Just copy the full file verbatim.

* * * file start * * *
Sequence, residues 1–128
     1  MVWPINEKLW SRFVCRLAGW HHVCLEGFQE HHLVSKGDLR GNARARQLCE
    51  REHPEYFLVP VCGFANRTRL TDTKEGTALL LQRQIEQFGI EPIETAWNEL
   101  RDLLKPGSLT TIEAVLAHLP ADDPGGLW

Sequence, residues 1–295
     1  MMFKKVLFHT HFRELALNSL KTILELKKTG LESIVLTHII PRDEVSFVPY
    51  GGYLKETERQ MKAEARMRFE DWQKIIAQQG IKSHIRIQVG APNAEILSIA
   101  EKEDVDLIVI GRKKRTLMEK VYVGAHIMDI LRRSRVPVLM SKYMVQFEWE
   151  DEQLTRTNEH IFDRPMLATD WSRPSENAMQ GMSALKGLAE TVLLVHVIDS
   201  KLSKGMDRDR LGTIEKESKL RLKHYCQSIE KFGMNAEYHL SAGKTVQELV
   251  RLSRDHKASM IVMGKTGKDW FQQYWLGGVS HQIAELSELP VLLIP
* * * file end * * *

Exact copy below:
Sequence, residues 1–128
     1  MVWPINEKLW SRFVCRLAGW HHVCLEGFQE HHLVSKGDLR GNARARQLCE
    51  REHPEYFLVP VCGFANRTRL TDTKEGTALL LQRQIEQFGI EPIETAWNEL
   101  RDLLKPGSLT TIEAVLAHLP ADDPGGLW

Sequence, residues 1–295
     1  MMFKKVLFHT HFRELALNSL KTILELKKTG LESIVLTHII PRDEVSFVPY
    51  GGYLKETERQ MKAEARMRFE DWQKIIAQQG IKSHIRIQVG APNAEILSIA
   101  EKEDVDLIVI GRKKRTLMEK VYVGAHIMDI LRRSRVPVLM SKYMVQFEWE
   151  DEQLTRTNEH IFDRPMLATD WSRPSENAMQ GMSALKGLAE TVLLVHVIDS
   201  KLSKGMDRDR LGTIEKESKL RLKHYCQSIE KFGMNAEYHL SAGKTVQELV
   251  RLSRDHKASM IVMGKTGKDW FQQYWLGGVS HQIAELSELP VLLIP